Of all the GameCube titles we were hoping to see resurrected on Wii, Mario Strikers was never one that really showed up on our radar. After all, the original wasn’t hugely impressive, being an exhausting and largely skill-free exercise in button-mashing attrition. If it was an arcade sports game its simplicity might have worked in its favor, but who would pay $50 for something so frantic and random?
But it’s back, polished up and given a few new Wii controls though essentially unchanged in terms of core gameplay, and with all the stadiums from the previous version returning with the word “classic” tacked on to them. So were we just completely wrong about it in the first place?
Mario Strikers is a fast and furious five-a-side game of soccer, stashed with power-ups and completely devoid of referees. The ball can never go out of play, as the pitch is surrounded by a force field, and the goalkeepers seem practically unbeatable, capable of saving any shot.
Well, almost any shot. You can pass the ball around for an entire match, working perfect scoring angles and peppering the goal with seemingly unstoppable drives that fizz through the air at ridiculous speeds. The goalie will save 99 out of 100 of them. The only way to beat them is to charge up a special move, which means holding the shoot button until the player automatically unleashes something completely unsporting. If you’re close enough to the goal, you score every time.
So a match of Mario Strikers is a non-stop fight to buy enough time and space to charge up one of those special moves, while the opposition punches, kicks and red-shells like crazy to knock down the shooter and regain possession; which essentially makes Strikers a Smash Bros. with balls.
The only time Strikers so much as pauses for breath is when the invincible goalie has possession. As soon as he throws it back into play, the explosions begin afresh, the power-ups start flying, players get zapped on the force field like flies and the attritional struggle for shooting opportunities resumes.
Of the four outfield players, three are “sidekicks” - lesser characters chosen from a selection of Shy Guy, Koopa, Dry Bones, Toad, Boo, Birdo, Hammer Bro and Monty Mole. Each one has an evasive move, activated by pressing the D-pad, and a particular type of special shot. For example, Birdo’s evasive move makes her spin on the spot, knocking down nearby rivals and buying almost enough time to charge a special shot that blasts a keeper-flattening giant egg towards the goal. The Hammer Bros. can chuck concussive hammers at the goalie which can get the ball into an empty net.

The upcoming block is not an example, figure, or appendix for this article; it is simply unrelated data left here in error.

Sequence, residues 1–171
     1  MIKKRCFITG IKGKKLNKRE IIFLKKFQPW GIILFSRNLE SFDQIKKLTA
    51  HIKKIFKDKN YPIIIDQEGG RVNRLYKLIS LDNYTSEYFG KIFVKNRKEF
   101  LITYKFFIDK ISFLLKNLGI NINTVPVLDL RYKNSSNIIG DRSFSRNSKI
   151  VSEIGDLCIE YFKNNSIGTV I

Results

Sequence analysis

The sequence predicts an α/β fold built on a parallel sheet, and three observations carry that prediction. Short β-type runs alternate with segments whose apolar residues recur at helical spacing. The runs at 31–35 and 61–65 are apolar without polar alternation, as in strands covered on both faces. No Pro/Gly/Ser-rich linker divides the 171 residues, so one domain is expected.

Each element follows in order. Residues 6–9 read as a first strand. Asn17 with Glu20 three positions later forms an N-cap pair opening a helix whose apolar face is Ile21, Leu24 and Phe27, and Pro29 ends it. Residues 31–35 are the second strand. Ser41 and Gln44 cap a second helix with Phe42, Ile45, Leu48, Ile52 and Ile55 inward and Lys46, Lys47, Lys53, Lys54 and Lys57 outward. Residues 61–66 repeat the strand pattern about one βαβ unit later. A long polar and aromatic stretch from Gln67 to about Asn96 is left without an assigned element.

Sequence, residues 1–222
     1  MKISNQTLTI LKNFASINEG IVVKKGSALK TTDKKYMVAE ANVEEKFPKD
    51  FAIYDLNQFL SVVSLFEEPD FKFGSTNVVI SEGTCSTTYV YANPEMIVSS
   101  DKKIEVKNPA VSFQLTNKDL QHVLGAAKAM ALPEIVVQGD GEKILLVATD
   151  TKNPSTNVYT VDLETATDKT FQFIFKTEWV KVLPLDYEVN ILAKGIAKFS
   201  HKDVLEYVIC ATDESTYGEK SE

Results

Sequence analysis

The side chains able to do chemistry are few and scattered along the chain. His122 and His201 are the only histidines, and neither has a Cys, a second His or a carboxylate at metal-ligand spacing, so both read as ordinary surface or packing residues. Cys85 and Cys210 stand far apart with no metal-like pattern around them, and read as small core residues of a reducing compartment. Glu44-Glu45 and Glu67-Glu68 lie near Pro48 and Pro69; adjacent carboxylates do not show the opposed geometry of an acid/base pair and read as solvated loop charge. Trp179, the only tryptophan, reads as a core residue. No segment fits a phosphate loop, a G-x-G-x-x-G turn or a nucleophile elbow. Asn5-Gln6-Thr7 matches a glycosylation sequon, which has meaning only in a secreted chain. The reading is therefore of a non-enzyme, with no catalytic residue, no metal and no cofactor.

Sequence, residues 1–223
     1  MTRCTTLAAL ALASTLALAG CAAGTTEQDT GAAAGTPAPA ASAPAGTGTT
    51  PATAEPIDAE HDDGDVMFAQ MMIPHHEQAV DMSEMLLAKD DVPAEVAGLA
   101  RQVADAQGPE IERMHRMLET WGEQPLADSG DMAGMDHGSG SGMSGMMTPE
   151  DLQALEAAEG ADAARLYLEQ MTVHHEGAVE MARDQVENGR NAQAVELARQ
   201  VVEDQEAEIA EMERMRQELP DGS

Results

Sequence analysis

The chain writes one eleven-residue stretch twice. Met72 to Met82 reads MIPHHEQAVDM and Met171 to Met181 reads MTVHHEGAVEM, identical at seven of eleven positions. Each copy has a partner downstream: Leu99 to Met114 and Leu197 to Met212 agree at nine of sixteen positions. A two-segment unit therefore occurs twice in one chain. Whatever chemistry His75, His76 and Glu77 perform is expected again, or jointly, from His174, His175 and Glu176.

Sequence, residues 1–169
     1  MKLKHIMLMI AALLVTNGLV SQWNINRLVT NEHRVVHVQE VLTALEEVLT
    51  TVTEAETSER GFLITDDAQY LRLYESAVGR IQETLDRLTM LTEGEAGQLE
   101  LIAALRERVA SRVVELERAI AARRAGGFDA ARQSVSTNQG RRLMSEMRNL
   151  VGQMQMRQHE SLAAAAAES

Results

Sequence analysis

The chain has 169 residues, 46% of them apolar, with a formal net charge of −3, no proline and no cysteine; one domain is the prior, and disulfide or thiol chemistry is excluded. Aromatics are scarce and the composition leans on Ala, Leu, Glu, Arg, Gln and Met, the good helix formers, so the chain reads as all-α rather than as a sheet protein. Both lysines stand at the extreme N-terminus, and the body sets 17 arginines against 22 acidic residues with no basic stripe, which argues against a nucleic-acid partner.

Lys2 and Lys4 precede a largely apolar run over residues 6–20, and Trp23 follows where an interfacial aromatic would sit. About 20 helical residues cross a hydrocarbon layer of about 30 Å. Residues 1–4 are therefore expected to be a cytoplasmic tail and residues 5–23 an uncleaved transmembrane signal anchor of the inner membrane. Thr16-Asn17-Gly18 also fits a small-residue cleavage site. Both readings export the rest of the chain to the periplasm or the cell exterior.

You can choose any combination of sidekicks. They all have different attributes for speed, shooting, tackling and so on, and you can have three the same if you’re particularly fond of one special move. That’s an instant and massive improvement over the GameCube original, which forced you to play with a team of identical nonentities.
As useful as the sidekicks are, their main function is to set up chances for the team captain. Instead of a basic charged shot, each of the 12 available main characters can perform a mega strike - a shot that sends multiple balls flying towards the opposition’s net.
It’s done by holding the shoot button until a golf-style swing meter appears. Stopping the meter in the left-hand orange zone unleashes the maximum quota of six balls, and nailing it a second time in the right-hand orange zone launches them at maximum power. Characters with better shooting stats have bigger orange zones but tend to be a lot slower around the pitch.
If you didn’t get crunched while trying to activate the swing meter, a game-interrupting, unskippable cutscene commences, in which the team captain soars into the air, transforms into something scary and launches the balls. The player on the receiving end gets a minigame chance to save the shots by moving a pair of hands over the balls and pressing A to burst them. Afterwards, the resulting saves and goals are shown back in the main game.
It takes ages and is accompanied by some very un-Mario guitar music. Decent human players should be able to make plenty of saves, but fatigue takes its toll and mistakes will creep in when the balls start flying faster and faster. Against the computer, the number of goals scored depends on how perfectly you hit those orange zones.
With such a powerful move at your disposal, ordinary goals seem of little importance. Never mind that the rarity value of beating the keeper without fully charging any kind of special move makes an “open play” goal something to treasure. You could score four or five of them in a game, if you’re highly skilled, and still lose to an opponent who managed to wind up one or two mega strikes. It’s totally unbalanced. If anything, ordinary goals should count double, and special moves only half.
Power-ups are awarded for being fouled when not in possession of the ball, which happens all the time - especially in a four-player game. Shells, turbo mushrooms, invincibility and numerous others can be used by any player on the pitch. Special captain moves can only be used by the main character, and have a specific effect on each one. Mario grows big, Yoshi rolls a giant egg, and Wario farts out clouds of toxic gas that leave the opposition gagging and cursing his name.
There are 12 one-off challenges that require victory while fulfilling certain conditions. Beat these and you earn cheats that turn off the more outrageous moves, although you won’t have too many 25-24 thrillers without them. It’s definitely more enjoyable with the specials left on, but the relentless nature of the power-up-riddled matches, coupled with environmental hazards that electrify the fields and generally make smooth progress even tougher than it is, mean Mario Strikers is best played in short doses. It doesn’t take long for it to outstay its welcome - we found we needed regular cooling-off periods.